The qualifications for elder are mostly straightforward. But there are several points that need some explanation and agreement for the sake of our unity as a church. What follows here is a simple exposition of the qualifications anchored in 1 Timothy 3 as we understand them here at Heritage: things to look for, things to look out for, and things to look into.

Things to Look For

The first qualification to look for is sexual and marital devotion. He must be “the husband of one wife” (3:2). Literally translated, he is to be a one-woman man. The placement of this command near the head of this list is instructive. The elder must not be given to pornography. He must not be a flirt. He should have eyes for his wife alone if he is married. This expression does not mean that a widower or a divorcee is disqualified from the office, granted that a divorce is not a cause for reproach. “One-woman man” would be an unnatural and an unclear way for Paul to speak if he intended to exclude divorced men. With a divorcee, his situation is a matter of credibility and a variety of factors will come to bear on that: the circumstances of the divorce, how public was it, how long ago it was, how it is understood in the community, etc. As with the rest of the qualifications, we are not given a litmus test but a judgment call. What about men who have never been married? While marriage is normative, neither does this exclude single men, Paul himself being single.

Second, we must look for self-mastery, expressed in three additional qualifications. The “sober-minded man” is stable, attentive, and alert. The “self-controlled” man is disciplined, not driven by fleshly desires but able to control himself by the Spirit. The “respectable” man has mastery over his mind and life, accruing respect from those who watch him.

Finally, we must look to the man’s ministry. The “hospitable” man is a welcoming presence, using his time and his home as a means of ministry. He must also be “able to teach,” the chief qualification that distinguishes an elder from a deacon or any other mature Christian man or woman. If you prick him, does he bleed the Bible? This man should be competent in handling the Word, making the Scriptures clearer for hearers and not confusing. “He must hold firm to the trustworthy word as taught, so that he may be able to give instruction in sound doctrine and also to rebuke those who contradict it” (Tit.1:9). Can he do both of those things with studied clarity and settled confidence? This does not mean he must be able to preach for forty-five minutes on a Sunday or even excel in public classroom teaching settings specifically. Nevertheless, Bible-handling is basic to the role because the Bible is how a shepherd guides and guards the flock.

Things to Look Out For

While there are plenty of good things to look for in a potential elder, there are also things to look out for. First, we must consider if he is “a drunkard.” This question does not concern whether he drinks alcohol, but whether he drinks too much alcohol. He must control and not be controlled by his appetites.

Second, this man must not be combative, “not violent, but gentle, not quarrelsome.” Consider the force of his words, the volume of his words, the tone of his words, and the consistency of his words. Is the kind of person that starts fights? Not unrelated, he is actually a physical brawler?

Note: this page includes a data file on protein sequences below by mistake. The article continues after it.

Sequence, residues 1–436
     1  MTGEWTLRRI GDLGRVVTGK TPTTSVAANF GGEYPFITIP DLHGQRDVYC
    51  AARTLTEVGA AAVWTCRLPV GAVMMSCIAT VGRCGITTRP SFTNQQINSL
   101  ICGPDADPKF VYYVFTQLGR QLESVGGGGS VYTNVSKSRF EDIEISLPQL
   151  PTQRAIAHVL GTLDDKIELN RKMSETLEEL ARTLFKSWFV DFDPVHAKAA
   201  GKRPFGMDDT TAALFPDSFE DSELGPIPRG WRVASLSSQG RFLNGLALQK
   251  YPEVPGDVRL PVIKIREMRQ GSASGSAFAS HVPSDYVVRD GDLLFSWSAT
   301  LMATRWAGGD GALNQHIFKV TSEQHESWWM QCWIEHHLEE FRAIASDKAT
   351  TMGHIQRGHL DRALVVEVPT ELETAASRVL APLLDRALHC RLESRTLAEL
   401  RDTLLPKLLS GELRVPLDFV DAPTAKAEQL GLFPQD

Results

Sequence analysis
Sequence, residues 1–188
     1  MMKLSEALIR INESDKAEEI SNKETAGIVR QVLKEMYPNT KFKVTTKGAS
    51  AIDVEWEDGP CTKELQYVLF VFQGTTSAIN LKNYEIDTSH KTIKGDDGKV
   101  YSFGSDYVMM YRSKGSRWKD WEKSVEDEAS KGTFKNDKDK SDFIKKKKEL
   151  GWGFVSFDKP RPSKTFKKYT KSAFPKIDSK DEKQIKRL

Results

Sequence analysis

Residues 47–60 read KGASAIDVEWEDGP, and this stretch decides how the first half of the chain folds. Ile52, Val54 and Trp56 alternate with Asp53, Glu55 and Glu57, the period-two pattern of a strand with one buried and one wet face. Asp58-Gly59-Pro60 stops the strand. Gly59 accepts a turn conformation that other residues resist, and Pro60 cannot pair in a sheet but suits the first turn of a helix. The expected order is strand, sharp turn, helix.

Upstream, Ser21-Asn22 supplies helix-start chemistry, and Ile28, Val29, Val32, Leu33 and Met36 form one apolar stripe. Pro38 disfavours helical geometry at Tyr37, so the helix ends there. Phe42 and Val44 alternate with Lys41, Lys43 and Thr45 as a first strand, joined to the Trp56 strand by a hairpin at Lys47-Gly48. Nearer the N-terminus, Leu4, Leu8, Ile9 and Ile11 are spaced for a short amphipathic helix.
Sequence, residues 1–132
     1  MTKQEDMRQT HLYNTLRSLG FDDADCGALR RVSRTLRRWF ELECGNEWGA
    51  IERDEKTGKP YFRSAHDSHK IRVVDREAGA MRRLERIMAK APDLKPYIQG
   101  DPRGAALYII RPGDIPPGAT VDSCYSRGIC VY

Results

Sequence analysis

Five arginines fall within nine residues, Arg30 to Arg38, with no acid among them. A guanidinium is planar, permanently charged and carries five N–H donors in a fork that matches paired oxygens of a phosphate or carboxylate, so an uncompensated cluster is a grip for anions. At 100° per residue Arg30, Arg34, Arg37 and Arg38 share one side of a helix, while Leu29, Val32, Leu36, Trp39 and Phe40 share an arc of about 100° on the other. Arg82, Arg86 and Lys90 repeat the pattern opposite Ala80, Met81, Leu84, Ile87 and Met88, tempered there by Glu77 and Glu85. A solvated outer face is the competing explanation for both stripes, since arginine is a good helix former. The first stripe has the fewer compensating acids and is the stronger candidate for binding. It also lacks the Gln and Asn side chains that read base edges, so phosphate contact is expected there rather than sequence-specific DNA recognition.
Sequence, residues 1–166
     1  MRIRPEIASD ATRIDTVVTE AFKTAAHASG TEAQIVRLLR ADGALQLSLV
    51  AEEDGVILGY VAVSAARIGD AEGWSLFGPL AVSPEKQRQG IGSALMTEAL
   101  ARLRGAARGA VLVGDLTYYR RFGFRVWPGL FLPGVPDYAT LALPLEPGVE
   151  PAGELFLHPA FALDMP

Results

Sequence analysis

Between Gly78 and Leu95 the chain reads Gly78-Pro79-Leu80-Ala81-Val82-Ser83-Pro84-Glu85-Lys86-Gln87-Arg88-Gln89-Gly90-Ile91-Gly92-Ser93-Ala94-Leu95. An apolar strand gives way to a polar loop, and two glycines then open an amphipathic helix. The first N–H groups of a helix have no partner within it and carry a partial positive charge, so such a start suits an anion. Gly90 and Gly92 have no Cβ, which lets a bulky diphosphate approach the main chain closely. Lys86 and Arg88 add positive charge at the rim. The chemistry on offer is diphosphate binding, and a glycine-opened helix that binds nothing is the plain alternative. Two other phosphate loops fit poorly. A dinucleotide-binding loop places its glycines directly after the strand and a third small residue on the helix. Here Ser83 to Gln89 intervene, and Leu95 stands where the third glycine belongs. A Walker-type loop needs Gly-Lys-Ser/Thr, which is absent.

Finally, he must not be greedy or “a lover of money.” This does not mean that he cannot be wealthy. Rather he must not love money to the extent that he gives all of his time and attention to getting money. He must not gain his money through shady or underhanded dealings. This man must love God rather than money.

Things to Look Into

Due diligence requires that we look into several things when considering a man for eldership. The first is his home. The church is like a family whose leadership involves nurture, order, and care. If a man can’t take care of his home, then we should not expect he can faithfully care for the church. For a point of evidence, does he “manage his own household well”? If he has children, are his children submissive? This does not mean that his children are perfect or necessarily converted, but that the man fosters a godly atmosphere of parental discipline. On that point about the conversion of his children, Paul did write to Titus, “his children are believers” (1:6). However, this can just as well be translated, “his children are faithful,” and so this is just another way of saying what Paul writes to Timothy concerning submissive children. Could a child’s behavior disqualify an elder? Yes, and that would depend on the age, the story surrounding a child’s disobedience, and whether this man’s management of his home is a reproach.

A second thing to look into is his experience. Simply, is he an experienced Christian? He must not be a new Christian. New believers do not mature evenly. They may excel in sexual purity but not in humility, or in humility but not in sexual purity. This is something Satan will exploit in someone who is made an elder too quickly.

A third and final thing to look into is his reputation. An elder with a problematic reputation with outsiders will fall into disgrace. Having his name smeared, he will fall into the Devil’s trap and harden his heart.

Pray, Watch, Wait

The process of raising up, identifying, and appointing elders is an ongoing process. Use this post to help you pray for our leaders and to watch out for who the Holy Spirit might appoint an elder among us. Why not pray this way for your sons? Why not pray this way for your husband? 

Given the importance of qualified leadership to the church’s health, why not meditate some more on this topic with the help of a good book? Here are some books we’ve worked through as elders and/or deacons in recent years. For a slower journey through these qualifications, pick up a copy of Thabiti Anyabwile’s Finding Faithful Elders and Deacons. For a basic introduction to biblical eldership read Jeramie Rinne’s, Church Elders: How to Shepherd God’s People Like Jesus. For a detailed analysis of every relevant text concerning eldership, read Alexander Strauch’s, Biblical Eldership: An Urgent Call to Restore Biblical Church Leadership.